African Rhino Numbers Increasing But No Room for Complacency

07 August 2000 | News story

Gland, Switzerland, (IUCN-WWF) 07.08.2000 - Numbers of the two species of African rhinoceros, the black rhino (Diceros bicornis) and the white rhino (Ceratotherium simum) continue to increase in the wild according to new estimates announced today by IUCN - the World Conservation Union and WWF, the conservation organization.

The latest estimates, prepared by IUCN's African Rhino Specialist Group, show that there are now more rhino in Africa than at any time since the early to mid 1980s. In 1999, African rhino numbers in the wild reached just over 13,000, up from 8,300 in 1992. Most of this increase is due to the continued rapid growth in the number of southern white rhino. The balance between white and black rhino has shifted with 79% of African rhino in the wild in 1999 being white rhino, compared to only 30% in 1984.

"Even though overall numbers are positive, there is no room for complacency," said Dr Martin Brooks, Chairman of IUCN's African Rhino Specialist Group. "Numbers of two of the six African rhino subspecies remain very low, and invasions of private land in Zimbabwe by war veterans and squatters currently pose a threat to several significant populations."

The demand for rhino horn for traditional Chinese medicine (not as an aphrodisiac, as commonly believed) and for making decorative dagger handles in the Middle East has for decades fuelled an illegal international horn trade which has led to the poaching of thousands of rhinos. However, intensive conservation efforts in several African countries have helped black rhino numbers increase in the wild from a low of around 2,450 in 1992 to just over 2,700 by 1999, with a further 234 black rhino in captivity worldwide. While the continuing increase in continental black rhino numbers since 1995 is encouraging, the future of one of the four black rhino subspecies, the western black rhino, is bleak with only about 10 animals remaining scattered across northern Cameroon.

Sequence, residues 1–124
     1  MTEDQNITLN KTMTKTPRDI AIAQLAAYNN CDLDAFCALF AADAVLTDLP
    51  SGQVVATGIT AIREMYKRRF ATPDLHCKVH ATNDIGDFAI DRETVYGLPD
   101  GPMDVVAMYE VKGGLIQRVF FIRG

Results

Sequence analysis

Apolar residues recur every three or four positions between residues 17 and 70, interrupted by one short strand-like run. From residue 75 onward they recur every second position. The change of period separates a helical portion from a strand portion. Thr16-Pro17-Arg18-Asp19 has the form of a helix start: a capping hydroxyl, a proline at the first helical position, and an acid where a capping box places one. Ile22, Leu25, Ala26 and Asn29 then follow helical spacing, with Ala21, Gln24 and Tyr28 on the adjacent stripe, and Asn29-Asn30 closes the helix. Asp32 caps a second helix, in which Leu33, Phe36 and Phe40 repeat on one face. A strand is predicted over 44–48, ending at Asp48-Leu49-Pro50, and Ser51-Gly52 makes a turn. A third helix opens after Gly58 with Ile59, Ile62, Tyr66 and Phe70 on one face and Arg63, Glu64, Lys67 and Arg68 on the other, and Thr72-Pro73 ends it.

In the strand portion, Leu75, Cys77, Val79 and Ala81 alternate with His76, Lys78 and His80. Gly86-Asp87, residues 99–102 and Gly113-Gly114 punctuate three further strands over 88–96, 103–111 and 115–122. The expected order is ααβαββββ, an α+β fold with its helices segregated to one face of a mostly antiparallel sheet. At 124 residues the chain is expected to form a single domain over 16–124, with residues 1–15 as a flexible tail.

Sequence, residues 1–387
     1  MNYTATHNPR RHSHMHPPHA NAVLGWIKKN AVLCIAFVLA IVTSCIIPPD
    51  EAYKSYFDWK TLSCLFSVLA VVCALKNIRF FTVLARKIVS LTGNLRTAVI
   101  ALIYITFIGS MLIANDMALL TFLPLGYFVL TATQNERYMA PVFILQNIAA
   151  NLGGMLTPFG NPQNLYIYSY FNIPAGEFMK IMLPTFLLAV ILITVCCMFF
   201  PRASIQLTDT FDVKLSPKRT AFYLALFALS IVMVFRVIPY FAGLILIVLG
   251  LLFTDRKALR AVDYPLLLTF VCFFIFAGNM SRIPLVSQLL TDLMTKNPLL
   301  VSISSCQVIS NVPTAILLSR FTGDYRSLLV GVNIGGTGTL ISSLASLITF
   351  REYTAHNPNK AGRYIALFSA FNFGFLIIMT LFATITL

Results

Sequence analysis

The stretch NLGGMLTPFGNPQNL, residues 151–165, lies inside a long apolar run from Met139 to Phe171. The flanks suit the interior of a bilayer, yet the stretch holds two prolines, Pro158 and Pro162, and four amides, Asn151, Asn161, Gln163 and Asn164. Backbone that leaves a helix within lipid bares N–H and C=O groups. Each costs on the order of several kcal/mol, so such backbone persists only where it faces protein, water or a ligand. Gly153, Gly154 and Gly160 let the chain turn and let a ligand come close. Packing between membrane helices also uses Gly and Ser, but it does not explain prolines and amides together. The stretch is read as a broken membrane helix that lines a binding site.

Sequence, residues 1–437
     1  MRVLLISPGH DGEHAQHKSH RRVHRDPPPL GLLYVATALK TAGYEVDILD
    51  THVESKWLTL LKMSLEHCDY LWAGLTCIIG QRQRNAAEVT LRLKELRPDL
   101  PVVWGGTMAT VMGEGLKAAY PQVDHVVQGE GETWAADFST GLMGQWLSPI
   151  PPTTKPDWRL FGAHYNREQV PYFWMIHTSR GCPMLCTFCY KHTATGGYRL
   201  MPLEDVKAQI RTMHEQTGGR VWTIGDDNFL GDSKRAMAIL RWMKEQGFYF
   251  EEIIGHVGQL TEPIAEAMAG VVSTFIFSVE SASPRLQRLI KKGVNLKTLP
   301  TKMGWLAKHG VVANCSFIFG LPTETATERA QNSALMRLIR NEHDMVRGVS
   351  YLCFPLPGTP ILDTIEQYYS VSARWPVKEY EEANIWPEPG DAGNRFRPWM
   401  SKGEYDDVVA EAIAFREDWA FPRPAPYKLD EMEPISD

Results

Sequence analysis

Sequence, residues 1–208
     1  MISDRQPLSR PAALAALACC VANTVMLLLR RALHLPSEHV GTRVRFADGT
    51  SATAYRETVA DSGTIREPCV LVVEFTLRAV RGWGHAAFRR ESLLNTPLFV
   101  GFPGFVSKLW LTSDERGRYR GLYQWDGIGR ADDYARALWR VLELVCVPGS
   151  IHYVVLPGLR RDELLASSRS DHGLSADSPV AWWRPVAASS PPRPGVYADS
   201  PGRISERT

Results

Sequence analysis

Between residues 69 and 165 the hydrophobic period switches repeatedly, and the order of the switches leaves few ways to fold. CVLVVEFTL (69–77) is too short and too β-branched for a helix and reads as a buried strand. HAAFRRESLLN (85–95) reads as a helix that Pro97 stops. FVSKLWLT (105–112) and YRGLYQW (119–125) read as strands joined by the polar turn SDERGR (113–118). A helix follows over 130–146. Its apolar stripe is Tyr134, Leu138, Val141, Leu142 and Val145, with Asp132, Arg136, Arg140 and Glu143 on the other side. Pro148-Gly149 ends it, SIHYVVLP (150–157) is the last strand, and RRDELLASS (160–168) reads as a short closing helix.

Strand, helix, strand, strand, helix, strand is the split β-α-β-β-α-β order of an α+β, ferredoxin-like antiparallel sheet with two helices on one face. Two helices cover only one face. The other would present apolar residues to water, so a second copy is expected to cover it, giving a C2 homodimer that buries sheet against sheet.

The southern white rhino, rescued from near extinction a century ago, stands as one of the world's greatest conservation success stories, up from approximately 20 in 1895 to just over 10,300 by 1999 (94% of which are in South Africa), with a further 721 in captivity worldwide. By contrast, the situation facing the other white rhino subspecies, the northern white rhino, is critical; and today only 24 to 31 exist in the wild in a single population in the Democratic Republic of Congo. Following a recent birth there are now 10 northern white rhino in captivity.

In recent years, the implementation of effective conservation strategies involving government agencies, local communities, NGOs and private landowners in countries like South Africa, Namibia, Zimbabwe, Kenya, Swaziland and Tanzania has played a major role in stabilising and gradually restoring rhino populations. Successful conservation of rhino habitat comes at a high price (as much as US$1,000/km2/year). The continuing declines in government funding for conservation across the African continent, and reduced staffing levels in some range States following structural adjustment programmes reduces the ability of State conservation agencies to undertake the necessary field conservation action. Illegal demand for horn, high unemployment, poverty, demand for land, wars, the ready availability of arms and internal instability also pose a threat to rhino populations.

"One of the greatest challenges facing the future of rhinos in both Africa and Asia is maintaining sufficient conservation expenditure and field effort. " Dr Brooks added.

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For further information contact:

Dr Richard Emslie Scientific/Programme Officer IUCN African Rhino Specialist Group +27 33 8451472 or 33 3434065 email: remslie@kznncs.org.za
Dr Martin Brooks Chair IUCN Rhino Specialist Group +27 33 8451471 email: mbrooks@kznncs.org.za

IUCN - The World Conservation Union was created in 1948. It is the world's largest conservation-related organisation, bringing together 77 states, 104 government agencies, 720 NGOs, 35 affiliates, and some 10,000 scientists and experts from 181 countries in a unique worldwide partnership. For more than half a century IUCN has endeavoured to shape a just world that values and conserves nature. Its mission is to influence, encourage and assist societies throughout the world to conserve the integrity and diversity of nature and to ensure that any use of natural resources is equitable and ecologically sustainable. Within the framework of global conventions IUCN is promoting sustainability and has helped over 75 countries to prepare and implement national conservation and biodiversity strategies. IUCN has approximately 1000 staff, most of whom are located in its 42 regional and country offices while 100 work at its Headquarters in Gland, Switzerland.

WWF: With its network of National organizations, Programme and Associate offices in more than 50 countries on five continents, WWF is one of the world's largest and most experienced independent conservation organization. It has 700 projects employing over 3,000 people in almost 100 countries.